Is it possible to view the datawindow buffers (and data) in the PowerBuilder debugger?

This post is to share something cool that I learned about PowerBuilder 12.5.NET while researching a question posted on StackOverflow.   The entire post from StackOverflow can be found here, the member asked if it was possible to view buffer data while debugging a PowerBuilder application, specifically a PowerBuilder 12.5.NET application.  I have been using PowerBuilder since the early ’90’s and my first thought was that it is not possible, so I responded with a workaround for viewing datawindow buffer data that I have used throughout the years.  I also posted a link to a developer blog that had a cool trick called “DataStore from Debugger” that cleverly injected the SaveAs function into the debugger.

After posting my response I noticed that the original poster said this was a new feature added in PowerBuilder 12.5.NET.  I don’t know how I missed this but I was probably in a hurry like usual.  This spiked my curiosity because I have been using PowerBuilder 12.5 and had not noticed this new feature yet.

 Here is the question that promoted me to start digging around.

As [sic] this option should be as new feature in PowerBuilder 12.5 .NET, but in Debugger I could not see any data in DataStore object. The object information shows [sic] in Debugger are only “base”, “DataObject” and “FlowDirection”, but nothing more. How to reach to see [sic] the data in DataStore object while debugging?

After some experimentation I was able to learn that the new functionality does exist but it only works for the new WPF datawindow which is available in only a few PowerBuilder Targets that I am aware of.  This list might not be complete as it is based on my experimentation so if you notice any mistakes or omissions please leave a comment and I’ll fix this list.

  • PowerBuilder 12.5.NET WPF Window Application Target – Supported
  • PowerBuilder 12.5.NET .NET Assembly Target – Supported
  • PowerBuilder 12.5.NET WCF Service Target – Not Supported
  • PowerBuilder 12.5.NET PB Assembly Target – Not Supported
  • PowerBuilder 12.5 Classic All Targets – Not Supported

Preview of the new Debugger Feature in PowerBuilder 12.5.NET

Using a bare-bones application, I’ve taken some screen prints to show the cool new debugger functionality.  The first image is at a breakpoint immediately after the datawindow retrieve.  The datawindow uses a web service data source so that I didn’t need to waste any time slapping in database connectivity code.  The web service happens to be a WCF Web Service that was created using PowerBuilder 12.5.NET and is running on IIS 7.5

I am sorry about the poor image quality in this article. I am not sure why, but WordPress did a bad job scaling the images.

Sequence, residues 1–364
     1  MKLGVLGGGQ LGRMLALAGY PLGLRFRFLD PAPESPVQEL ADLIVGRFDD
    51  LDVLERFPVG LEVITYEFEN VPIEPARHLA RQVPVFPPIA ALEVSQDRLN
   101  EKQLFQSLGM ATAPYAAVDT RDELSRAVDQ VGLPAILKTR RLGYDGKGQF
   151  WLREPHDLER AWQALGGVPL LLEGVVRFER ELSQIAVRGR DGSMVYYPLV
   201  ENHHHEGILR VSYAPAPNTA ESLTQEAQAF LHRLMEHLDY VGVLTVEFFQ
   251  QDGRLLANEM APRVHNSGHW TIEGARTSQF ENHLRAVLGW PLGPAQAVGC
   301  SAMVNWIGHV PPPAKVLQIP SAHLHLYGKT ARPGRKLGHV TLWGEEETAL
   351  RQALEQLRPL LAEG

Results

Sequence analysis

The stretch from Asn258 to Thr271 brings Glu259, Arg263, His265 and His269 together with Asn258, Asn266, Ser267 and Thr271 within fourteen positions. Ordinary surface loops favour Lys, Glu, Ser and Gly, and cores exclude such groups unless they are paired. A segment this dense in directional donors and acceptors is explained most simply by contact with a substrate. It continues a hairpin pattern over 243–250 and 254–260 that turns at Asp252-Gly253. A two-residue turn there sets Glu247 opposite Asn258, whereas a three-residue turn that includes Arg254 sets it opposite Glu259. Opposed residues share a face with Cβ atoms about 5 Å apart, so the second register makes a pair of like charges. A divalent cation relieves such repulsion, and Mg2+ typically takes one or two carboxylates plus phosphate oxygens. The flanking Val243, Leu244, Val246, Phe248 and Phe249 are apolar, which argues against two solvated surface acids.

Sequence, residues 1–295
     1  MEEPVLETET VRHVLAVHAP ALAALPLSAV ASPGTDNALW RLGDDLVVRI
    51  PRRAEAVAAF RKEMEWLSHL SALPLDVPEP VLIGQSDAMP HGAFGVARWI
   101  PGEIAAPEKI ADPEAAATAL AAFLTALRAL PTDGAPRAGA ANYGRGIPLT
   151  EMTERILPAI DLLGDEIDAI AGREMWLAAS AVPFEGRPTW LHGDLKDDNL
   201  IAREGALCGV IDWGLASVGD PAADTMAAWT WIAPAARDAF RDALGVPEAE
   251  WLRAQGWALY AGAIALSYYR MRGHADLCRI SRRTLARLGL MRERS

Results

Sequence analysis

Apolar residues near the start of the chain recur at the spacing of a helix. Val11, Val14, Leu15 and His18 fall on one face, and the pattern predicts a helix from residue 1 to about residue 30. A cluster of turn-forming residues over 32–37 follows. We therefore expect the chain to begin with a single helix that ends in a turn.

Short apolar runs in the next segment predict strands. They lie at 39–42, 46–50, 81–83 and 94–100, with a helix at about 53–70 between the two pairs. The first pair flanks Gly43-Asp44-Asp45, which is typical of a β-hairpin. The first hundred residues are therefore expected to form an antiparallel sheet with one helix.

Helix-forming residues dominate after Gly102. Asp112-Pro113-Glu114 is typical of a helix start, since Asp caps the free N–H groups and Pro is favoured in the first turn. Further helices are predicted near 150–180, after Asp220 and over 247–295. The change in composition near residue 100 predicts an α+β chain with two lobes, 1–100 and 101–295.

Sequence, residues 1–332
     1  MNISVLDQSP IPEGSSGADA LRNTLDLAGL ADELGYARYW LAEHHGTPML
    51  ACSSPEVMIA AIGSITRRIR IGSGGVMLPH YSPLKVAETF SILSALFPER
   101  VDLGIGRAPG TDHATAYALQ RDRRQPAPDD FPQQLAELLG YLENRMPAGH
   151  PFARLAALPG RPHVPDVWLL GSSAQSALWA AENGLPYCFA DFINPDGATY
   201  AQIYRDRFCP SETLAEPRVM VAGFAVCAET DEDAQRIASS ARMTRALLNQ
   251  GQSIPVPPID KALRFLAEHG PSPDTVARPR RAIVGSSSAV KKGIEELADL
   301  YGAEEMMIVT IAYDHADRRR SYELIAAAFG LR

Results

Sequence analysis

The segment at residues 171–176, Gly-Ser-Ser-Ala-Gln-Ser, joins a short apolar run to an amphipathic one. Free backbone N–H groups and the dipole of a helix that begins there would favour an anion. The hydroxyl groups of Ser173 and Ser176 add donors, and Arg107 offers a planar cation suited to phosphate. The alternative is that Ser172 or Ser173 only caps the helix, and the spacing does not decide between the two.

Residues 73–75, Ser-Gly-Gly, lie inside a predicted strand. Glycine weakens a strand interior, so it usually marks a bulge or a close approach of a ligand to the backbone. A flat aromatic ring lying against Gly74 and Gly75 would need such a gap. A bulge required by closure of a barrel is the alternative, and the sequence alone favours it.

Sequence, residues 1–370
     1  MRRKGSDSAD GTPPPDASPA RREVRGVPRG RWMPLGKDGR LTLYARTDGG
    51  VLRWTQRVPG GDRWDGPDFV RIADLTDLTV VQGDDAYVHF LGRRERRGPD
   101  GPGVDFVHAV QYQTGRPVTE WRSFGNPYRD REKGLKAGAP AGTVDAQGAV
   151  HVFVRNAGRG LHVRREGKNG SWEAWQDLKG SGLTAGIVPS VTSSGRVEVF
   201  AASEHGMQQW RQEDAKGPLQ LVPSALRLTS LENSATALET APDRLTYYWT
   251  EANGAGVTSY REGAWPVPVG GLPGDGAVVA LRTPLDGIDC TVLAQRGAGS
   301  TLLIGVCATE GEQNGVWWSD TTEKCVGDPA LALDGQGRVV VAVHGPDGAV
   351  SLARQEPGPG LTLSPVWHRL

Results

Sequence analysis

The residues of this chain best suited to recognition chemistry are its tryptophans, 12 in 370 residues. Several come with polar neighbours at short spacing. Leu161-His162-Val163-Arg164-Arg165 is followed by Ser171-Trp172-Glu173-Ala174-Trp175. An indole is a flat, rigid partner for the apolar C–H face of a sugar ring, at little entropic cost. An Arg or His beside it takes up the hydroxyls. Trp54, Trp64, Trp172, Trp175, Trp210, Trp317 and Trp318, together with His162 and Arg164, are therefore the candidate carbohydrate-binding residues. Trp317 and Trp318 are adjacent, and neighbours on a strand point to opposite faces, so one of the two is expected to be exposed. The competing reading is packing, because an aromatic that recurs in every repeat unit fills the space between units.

This next image shows the actual data in the Primary buffer after expanding the tree item.  I also expanded one of the columns that is of type System.DateTime, notice how all of the static methods and properties for the DateTime class are shown.







The next image shows another new feature added to the debugger called the DataWindow Visualizer. You open the new visualizer by clicking on the magnifying glass icon under “dwo”.  The visualizer basically shows you the preview of your datawindow with a drop down box automatically added for the various buffers.  The Data Buffer drop down was not part of my dataobject design, but rather part of the DataWindow Visualizer tool.   The debugger allows you to modify the buffer data the same way you would modify any other variable in debug mode.  I was not able to find a way to move data from one buffer to another while in debug mode.  I tried dragging a row from the primary buffer into filtered or deleted but nothing happened so I suspect this isn’t possible.

So I added some buttons to the dataobject for “Filter”, “Update”, “Delete”, etc., so that I could see data in the various buffers.







After adding buttons to my dataobject and filtering some of the data I was able to view the filtered data using the debugger!  I added a filter expression “Left(catname,1) = ‘A'” and after the filter was activated I could see there were 14 rows in the Primary buffer and 112 in the Filtered buffer.  The debugger also shows the current row, the x position and y position and lots of other cool stuff that wasn’t there before.







One last screen print, showing another feature of the debugger (for WPFdatawindows) that I didn’t know about.  The new feature is called the WPF Visualizer and is a tree-view display of all the controls that make up your window, and datawindow.  The Visualizer is pretty cool and gives you an idea of how Sybase re-designed the new WPF datawindow and what .NET classes they used to make it happen.  The tool has three panes, one showing all of the controls, another showing the properties for the selected control and the third pane that shows a visual representation of the single control that is highlighted.  The WPF Visualizer is a good learning tool if anything and can help you understand how WPF works.








If you find any other cool aspects of the new PowerBuilder debugger or you find any problems with the information I posted please leave a comment and I will update the post.   I have intentions of creating a separate article about the web service datawindow that I used, and how you can use the WCF Web Service to insert, update and delete data.  Once you figure it out, it is very easy!





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